The Athens Review
When the old 1925 Henderson County Jail was built, Calvin Coolidge was president, Babe Ruth was swatting homers for the Yankees and no one had ever seen a talkie movie.
On Thursday, a state historical marker was set in front of the building that is still used by Henderson County to store archives.
The ceremony was mostly attended by law officers who remember when the 80-feet by 43-feet jail was the county’s center for law enforcement.
Justice of the Peace Milton Adams, told the audience that he was administrator of the jail in the early 1980s at a time when jail book-in reports were written in longhand and some were less than legible.
“Not every officer could type,” Adams said. “In the 80s, I was the guy who put a typewriter on the book-in desk for everybody and required them to type the book-in reports.”
Adams recalled that the evening meal was always beans, corn bread and tea.
“To this day, it’s one of my favorite evening meals,” Adams said.
Many stories could be told about the things that happened inside the walls of the old jail, Adams said.
“Whatever your circumstances were, attached to this building you have a story to tell, whether you worked here, lived here, played here or were incarcerated here,” Adams said. “Your story, if given in truth, whatever your point of view, is a piece of the puzzle that is Henderson County history.”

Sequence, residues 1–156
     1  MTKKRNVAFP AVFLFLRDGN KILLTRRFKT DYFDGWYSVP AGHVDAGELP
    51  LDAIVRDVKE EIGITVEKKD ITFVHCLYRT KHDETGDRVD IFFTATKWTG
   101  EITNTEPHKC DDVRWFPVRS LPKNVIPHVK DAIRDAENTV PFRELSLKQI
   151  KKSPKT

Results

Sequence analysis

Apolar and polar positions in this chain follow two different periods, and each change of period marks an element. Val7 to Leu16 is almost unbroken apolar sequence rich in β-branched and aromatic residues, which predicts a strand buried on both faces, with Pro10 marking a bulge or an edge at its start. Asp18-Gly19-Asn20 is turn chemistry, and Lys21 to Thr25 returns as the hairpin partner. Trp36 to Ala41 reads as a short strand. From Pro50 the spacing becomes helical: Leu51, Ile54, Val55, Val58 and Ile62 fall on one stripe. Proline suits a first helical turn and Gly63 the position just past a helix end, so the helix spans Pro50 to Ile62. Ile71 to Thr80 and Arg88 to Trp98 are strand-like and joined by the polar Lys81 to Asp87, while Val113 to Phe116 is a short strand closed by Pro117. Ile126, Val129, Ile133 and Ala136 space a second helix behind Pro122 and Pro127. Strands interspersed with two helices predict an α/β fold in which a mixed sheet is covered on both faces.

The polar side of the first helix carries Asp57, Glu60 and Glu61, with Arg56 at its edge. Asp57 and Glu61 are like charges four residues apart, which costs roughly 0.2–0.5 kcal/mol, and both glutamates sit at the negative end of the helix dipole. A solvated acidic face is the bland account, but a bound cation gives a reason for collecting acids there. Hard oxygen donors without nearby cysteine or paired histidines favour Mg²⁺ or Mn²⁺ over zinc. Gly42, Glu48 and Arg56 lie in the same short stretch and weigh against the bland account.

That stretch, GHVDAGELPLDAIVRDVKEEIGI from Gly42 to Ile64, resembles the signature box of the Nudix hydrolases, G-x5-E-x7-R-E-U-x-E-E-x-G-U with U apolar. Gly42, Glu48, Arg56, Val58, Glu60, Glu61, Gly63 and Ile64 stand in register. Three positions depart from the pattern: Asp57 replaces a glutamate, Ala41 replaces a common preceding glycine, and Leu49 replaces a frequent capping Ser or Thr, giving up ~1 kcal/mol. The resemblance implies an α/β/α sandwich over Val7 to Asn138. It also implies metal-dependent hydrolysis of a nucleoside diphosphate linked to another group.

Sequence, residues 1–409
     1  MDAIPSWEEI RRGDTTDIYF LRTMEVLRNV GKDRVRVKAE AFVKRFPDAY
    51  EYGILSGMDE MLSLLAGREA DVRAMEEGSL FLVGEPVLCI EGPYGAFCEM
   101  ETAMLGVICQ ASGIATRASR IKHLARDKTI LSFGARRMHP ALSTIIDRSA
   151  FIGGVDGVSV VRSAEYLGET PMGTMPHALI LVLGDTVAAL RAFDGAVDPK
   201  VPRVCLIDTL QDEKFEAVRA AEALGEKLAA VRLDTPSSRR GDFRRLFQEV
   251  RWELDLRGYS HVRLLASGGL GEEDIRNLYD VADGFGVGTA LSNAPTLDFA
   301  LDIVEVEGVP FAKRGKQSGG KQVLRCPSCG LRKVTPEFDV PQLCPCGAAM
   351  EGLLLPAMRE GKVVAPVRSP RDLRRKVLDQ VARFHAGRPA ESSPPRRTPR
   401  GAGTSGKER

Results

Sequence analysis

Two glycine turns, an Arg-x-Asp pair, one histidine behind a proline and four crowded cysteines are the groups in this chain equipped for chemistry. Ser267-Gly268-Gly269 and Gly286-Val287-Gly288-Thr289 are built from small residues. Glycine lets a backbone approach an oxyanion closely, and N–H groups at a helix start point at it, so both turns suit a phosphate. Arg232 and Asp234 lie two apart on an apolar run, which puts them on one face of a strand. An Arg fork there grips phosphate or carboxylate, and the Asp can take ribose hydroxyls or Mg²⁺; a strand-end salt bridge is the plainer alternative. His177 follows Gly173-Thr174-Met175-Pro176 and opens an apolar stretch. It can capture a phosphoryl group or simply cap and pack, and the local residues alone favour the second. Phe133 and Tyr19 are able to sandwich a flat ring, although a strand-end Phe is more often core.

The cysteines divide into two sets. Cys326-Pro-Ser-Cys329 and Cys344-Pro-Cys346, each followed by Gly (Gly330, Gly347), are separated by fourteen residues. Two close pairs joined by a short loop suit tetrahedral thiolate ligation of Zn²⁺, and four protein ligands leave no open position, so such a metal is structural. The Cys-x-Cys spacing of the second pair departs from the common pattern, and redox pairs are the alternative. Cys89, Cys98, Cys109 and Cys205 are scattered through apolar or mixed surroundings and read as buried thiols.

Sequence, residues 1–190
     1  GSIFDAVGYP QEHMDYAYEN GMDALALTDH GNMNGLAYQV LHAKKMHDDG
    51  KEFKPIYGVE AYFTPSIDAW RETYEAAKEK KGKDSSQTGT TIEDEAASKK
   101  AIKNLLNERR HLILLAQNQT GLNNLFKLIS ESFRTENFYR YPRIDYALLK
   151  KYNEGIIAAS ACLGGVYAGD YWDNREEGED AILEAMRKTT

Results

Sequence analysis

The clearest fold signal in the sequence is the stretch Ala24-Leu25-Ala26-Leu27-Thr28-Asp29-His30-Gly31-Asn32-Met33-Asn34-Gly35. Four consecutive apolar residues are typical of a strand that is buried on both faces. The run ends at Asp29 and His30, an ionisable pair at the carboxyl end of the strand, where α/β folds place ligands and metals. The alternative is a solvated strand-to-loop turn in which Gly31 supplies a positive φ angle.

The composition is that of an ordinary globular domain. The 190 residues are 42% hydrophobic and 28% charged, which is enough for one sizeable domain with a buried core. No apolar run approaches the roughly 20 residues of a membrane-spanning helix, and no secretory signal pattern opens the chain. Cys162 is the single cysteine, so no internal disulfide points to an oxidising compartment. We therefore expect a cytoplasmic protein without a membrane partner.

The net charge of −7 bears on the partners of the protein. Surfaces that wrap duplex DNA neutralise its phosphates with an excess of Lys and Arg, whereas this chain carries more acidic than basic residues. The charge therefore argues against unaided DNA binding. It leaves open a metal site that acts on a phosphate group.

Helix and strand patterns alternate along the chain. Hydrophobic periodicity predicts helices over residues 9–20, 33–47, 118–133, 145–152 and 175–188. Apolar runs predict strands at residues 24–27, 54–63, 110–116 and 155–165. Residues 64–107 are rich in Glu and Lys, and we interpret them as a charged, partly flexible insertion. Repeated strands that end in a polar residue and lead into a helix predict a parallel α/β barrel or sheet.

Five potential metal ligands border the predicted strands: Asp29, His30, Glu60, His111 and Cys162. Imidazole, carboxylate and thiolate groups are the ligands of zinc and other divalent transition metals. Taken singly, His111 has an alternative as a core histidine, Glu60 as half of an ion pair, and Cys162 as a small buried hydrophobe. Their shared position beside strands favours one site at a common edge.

Many hours were spent gathering the paperwork and documentation required to get the Texas Historical Commission to award the marker. Adams thanked the members of the Henderson County Historical Commission for their tireless efforts in gathering and preserving the stories and artifacts that helped obtain the marker.
Henderson County Peace Officers Association President and Henderson County Sheriff’s Office Capt. Bryan Tower was moderator for the ceremony. He and Sheriff Ray Nutt removed the cover, revealing the bronze marker to the crowd.
Sheriff’s Office operations were moved from the Larkin Street to the Murchison Street location in 1991.